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Ozone Alert Days: How to Stay Healthy and How to Help


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In the heat of summer, the Oklahoma wind seems to disappear when you need it the most. If it seems like the summer can get too muggy to breathe, for some people, that’s reality. Every summer, certain weather conditions combined with man-made smog can be a cause for concern among Oklahomans with lung conditions. State and local agencies keep an eye on dangerous conditions and issue warnings for the most dangerous days. But even if you don’t have a lung condition, understanding Ozone Alert Days and Air Quality Warnings is important. Here’s what you need to know about air quality this summer.

Q: What causes an Ozone Alert Day or Air Quality Warning?

A: The main culprit is ozone, which is a key ingredient in smog. Ozone is a naturally occurring gas that is colorless and odorless. It’s not safe for people at high levels -- about 0.070 parts per million. Environmental and manmade factors can affect the amount of ozone in the air, including sunlight, pollution levels, warm weather and a lack of wind. Wildfires can also put particles in the air.

Q: Who is affected by high levels of ozone?

A: Ozone affects everyone differently. Healthy adults may experience tightness in the chest or burning in the nose and throat. It’s also dangerous for children, seniors or anyone who has to spend a long time outside.

Q: What should people with health issues do on Ozone Alert Days?

A: High ozone levels can be harmful to anyone with lung conditions such as asthma, emphysema, asthma or chronic obstructive pulmonary disease (COPD). Consider staying inside because ozone usually dissipates indoors. If you have to go outside, limit your physical activity as much as possible.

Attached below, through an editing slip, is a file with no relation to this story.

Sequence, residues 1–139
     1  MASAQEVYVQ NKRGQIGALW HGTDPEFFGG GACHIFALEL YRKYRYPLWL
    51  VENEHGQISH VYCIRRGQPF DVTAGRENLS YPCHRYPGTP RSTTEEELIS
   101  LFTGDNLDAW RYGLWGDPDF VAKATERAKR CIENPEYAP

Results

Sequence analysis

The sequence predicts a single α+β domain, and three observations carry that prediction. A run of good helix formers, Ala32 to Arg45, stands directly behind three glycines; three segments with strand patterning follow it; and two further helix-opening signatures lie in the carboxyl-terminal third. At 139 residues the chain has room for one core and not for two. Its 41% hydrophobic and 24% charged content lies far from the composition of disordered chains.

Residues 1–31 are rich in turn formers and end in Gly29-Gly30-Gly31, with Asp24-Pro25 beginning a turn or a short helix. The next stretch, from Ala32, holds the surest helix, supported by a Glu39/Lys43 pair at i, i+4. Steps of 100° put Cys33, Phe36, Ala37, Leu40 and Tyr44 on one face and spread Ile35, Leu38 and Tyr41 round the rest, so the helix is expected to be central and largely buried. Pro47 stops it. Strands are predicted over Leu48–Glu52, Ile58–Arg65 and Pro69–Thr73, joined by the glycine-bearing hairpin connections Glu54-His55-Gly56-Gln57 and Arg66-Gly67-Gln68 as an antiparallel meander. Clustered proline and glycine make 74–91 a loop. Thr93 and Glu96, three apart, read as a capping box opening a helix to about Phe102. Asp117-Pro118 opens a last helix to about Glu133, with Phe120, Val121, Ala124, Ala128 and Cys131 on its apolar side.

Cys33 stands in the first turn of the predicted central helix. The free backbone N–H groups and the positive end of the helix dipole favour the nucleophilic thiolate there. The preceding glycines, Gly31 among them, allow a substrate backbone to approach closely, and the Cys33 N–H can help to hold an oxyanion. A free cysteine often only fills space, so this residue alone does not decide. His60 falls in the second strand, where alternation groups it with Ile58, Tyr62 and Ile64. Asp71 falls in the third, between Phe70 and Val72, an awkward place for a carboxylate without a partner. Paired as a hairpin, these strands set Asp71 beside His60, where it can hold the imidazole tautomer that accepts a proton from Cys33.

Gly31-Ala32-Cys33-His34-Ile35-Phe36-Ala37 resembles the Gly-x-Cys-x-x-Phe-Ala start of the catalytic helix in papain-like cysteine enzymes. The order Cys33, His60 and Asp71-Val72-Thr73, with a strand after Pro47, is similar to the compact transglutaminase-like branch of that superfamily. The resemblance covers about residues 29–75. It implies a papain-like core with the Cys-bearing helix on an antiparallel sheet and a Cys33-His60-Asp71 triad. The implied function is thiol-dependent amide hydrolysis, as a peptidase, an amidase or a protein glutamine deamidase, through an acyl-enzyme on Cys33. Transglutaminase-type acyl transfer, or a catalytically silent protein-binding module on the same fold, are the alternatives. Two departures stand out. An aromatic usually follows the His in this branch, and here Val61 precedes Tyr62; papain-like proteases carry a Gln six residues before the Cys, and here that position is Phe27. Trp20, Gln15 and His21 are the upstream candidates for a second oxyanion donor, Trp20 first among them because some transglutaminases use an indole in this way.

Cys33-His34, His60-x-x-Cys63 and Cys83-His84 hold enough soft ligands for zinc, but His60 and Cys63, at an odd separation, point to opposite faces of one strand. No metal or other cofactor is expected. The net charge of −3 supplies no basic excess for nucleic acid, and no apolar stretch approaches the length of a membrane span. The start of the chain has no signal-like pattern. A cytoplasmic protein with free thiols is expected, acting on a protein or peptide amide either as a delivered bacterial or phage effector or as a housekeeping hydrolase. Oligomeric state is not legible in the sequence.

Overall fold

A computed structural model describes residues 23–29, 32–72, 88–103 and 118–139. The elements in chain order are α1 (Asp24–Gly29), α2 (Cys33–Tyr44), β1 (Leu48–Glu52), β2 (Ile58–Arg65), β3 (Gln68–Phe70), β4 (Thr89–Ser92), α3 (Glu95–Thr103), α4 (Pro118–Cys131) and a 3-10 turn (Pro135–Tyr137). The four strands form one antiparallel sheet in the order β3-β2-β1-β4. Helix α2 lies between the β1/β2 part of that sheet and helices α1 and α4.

Q: What can we all do to help?

A: We can all take small steps to help reduce ozone and help those with heart and lung conditions. Here’s what you can do on an Ozone Alert Day.

  • Drive less by combining trips or carpooling.
  • Use public transportation if available.
  • Put gas in your car in the morning or evening.
  • Don’t mow with gas-powered mowers.
  • Don’t burn outdoors.

Q: How often are ozone alerts issued?

A: The number of ozone alerts issued each year varies. However, persistent weather can mean a string of Ozone Alert Days.

Q: How do you know if air conditions are dangerous?

A: The National Weather Service issues air quality alerts for counties throughout the state. Also, the Oklahoma Department of Environmental Quality, the Ozone Alert! Program and the Association of Central Oklahoma Governments partner to declare Ozone Alert Days. Ozone alerts are issued for the three biggest metro areas in the state: Oklahoma City, Tulsa and Lawton. All four websites have up-to-date information, but here are additional ways to stay in the loop:

  • Sign up for email notifications about air quality advisories statewide from the Oklahoma Department of Environmental Quality.
  • For the Tulsa area, sign up for email notifications about Ozone Alert Days from the Ozone Alert! Program. You can also subscribe to text alerts by texting “ozone” to 41411.
  • For the Oklahoma City area, sign up for email notifications about Ozone Alert Days from the Association of Central Oklahoma Governments. You can also subscribe to text alerts by texting “ozonealert” to 22828.

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